Conservation Northwest

Conservation Northwest

The Conservation Connection E-Newsletter

December 2018

Give for Wildlife2018 AccomplishmentsFishers ReturnedWildlife BudgetSagelands ConservationUpper Wenatchee

We've made important progress for local wildlife and wildlands this year. Will you help us ring in 2019 with a gift of $35 or more? Fisher photo: Paul Bannick

We've made important progress for local wildlife and wildlands this year. Will you help us ring in 2019 with a gift of $35 or more?
Fisher photo: Paul Bannick

Support local wildlife and wildlands

At Conservation Northwest, we have a record of bringing diverse stakeholders together for innovative, community-based conservation. But there's still so much that we can achieve with your help. 

Will you make a tax-deductible donation of $35 or more to protect, connect and restore Northwest wildlands and wildlife in 2019?

Please join or renew your membership today!
JOIN OR RENEW

 
With your support, we protected old-growth forests and other wildlands, connected large landscapes and vital habitats, and restored native wildlife. Photo: Chase Gunnell
With your support, we protected old-growth forests and other wildlands, connected large landscapes and vital habitats, and restored native wildlife.
Photo: Chase Gunnell

Accomplishments in 2018

With your support, we made important progress in 2018. Here are a few highlights:

- We've long championed wildlife crossings over and under I-90, and now animals are using them! A coyote was the first to cross over the interstate, and elk, bears and others will follow in the spring.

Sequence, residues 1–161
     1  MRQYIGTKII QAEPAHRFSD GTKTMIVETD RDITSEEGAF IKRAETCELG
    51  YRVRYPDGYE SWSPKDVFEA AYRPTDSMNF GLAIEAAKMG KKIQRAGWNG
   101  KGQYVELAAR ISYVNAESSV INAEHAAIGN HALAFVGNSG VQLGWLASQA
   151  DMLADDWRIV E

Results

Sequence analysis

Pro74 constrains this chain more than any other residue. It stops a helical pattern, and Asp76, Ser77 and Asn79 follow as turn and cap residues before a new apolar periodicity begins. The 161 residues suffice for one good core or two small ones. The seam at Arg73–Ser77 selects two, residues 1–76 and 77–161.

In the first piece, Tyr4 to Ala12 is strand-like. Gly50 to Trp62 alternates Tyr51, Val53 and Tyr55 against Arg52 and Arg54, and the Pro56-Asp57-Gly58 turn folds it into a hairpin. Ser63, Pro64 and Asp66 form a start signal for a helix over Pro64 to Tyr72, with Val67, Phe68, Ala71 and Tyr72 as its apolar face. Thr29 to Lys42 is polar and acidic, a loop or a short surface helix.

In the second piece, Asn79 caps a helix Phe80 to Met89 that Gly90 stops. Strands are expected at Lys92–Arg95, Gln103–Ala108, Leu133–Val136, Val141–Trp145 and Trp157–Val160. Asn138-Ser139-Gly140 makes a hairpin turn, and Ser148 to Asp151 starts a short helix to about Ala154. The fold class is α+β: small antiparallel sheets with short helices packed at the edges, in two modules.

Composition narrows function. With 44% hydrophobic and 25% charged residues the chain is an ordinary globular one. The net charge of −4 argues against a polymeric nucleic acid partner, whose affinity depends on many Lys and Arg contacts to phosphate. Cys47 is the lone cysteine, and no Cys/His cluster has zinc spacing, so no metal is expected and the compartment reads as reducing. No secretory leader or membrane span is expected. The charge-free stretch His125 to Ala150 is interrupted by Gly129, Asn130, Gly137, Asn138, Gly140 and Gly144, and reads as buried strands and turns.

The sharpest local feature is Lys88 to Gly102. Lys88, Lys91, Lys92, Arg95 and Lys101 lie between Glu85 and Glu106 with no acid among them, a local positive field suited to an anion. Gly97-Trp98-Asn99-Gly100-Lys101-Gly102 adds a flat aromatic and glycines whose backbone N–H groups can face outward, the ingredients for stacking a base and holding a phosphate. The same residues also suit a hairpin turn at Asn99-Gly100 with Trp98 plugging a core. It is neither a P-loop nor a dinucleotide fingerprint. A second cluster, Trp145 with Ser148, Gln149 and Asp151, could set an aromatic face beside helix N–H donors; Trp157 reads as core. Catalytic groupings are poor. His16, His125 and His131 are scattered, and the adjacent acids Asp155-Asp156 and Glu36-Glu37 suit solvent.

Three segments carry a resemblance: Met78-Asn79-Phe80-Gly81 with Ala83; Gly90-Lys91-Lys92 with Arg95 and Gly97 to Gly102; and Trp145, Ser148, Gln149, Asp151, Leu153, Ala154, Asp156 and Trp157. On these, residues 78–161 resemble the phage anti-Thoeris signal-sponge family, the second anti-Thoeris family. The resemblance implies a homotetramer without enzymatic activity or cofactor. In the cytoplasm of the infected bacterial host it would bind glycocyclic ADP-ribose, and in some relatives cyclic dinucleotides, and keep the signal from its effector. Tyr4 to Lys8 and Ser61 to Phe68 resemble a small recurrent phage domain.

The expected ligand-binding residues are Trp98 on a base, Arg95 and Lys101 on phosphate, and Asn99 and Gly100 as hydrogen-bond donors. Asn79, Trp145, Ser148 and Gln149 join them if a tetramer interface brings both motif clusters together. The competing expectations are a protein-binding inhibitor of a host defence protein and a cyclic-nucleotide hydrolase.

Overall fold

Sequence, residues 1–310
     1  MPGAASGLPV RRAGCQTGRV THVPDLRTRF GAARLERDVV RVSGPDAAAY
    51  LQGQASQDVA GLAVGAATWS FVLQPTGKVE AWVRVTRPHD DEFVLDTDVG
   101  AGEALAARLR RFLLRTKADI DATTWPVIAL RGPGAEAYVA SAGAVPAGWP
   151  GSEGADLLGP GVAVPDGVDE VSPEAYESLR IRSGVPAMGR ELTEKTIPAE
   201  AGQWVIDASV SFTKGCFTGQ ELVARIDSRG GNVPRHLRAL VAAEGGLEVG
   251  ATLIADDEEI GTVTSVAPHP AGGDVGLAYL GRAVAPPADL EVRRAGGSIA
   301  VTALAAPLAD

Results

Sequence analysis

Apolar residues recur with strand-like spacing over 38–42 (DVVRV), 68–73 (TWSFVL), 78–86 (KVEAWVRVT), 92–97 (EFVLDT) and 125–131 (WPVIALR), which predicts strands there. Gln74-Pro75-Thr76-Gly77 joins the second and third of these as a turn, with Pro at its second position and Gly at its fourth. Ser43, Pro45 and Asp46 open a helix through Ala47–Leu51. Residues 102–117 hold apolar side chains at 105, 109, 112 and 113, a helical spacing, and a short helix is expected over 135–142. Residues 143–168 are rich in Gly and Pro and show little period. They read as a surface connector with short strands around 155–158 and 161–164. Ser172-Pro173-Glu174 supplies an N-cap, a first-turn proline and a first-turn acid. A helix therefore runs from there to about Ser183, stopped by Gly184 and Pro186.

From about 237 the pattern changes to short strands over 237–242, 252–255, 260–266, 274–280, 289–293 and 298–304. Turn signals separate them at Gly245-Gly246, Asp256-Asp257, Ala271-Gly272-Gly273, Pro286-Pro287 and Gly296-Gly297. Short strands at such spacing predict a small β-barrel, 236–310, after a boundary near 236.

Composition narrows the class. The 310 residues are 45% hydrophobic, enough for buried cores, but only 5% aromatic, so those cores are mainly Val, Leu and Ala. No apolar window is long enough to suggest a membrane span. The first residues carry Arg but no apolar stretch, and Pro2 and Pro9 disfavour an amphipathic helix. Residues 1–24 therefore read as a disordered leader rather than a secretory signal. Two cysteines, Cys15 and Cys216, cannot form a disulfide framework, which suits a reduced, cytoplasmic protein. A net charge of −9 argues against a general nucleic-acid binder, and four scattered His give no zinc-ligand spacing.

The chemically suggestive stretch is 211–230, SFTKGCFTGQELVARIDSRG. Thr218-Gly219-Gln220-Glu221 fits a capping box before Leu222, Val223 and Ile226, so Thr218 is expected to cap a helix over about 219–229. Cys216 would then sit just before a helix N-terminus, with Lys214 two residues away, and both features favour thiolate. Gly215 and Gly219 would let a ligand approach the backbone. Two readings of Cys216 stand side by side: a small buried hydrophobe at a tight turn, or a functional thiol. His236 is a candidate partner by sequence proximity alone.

- With our leadership, the forest around Oyster Dome and Blanchard Mountain has been permanently saved from logging.

- Collaborating with government partners, we brought fishers back to the North Cascades after a near 80-year absence.

- We restored vital habitat and cherished outdoor recreation areas from Okanogan and Ellensburg to Greenwater and Yakima.

And much more! Click the link below to read our full list of 2018 accomplishments.
ACCOMPLISHMENTS

 
A fisher released near Newhalem in North Cascades National Park in early December. Photo: Paul Bannick
A fisher released near Newhalem in North Cascades National Park in early December.
Photo: Paul Bannick

Restoring fishers and righting a wrong

December marked a momentous occasion for our more than decade-long project to return fishers to Washington: we began the third and final phase of the effort by reintroducing more than a dozen of these native animals to the North Cascades.

For the first time in nearly 80 years, fishers are now roaming the upper Skagit and Sauk river watersheds, restoring one of the last native species that went locally extinct here in the early 20th century.

Watch a video of fishers returning to the North Cascades, or read the official news release. For inspiring perspectives from our staff, check out the blog below!
FISHERS RETURN

 
Roosevelt elk and other Washington wildlife need full funding for habitat conservation and restoration. Photo: Eric Foltz.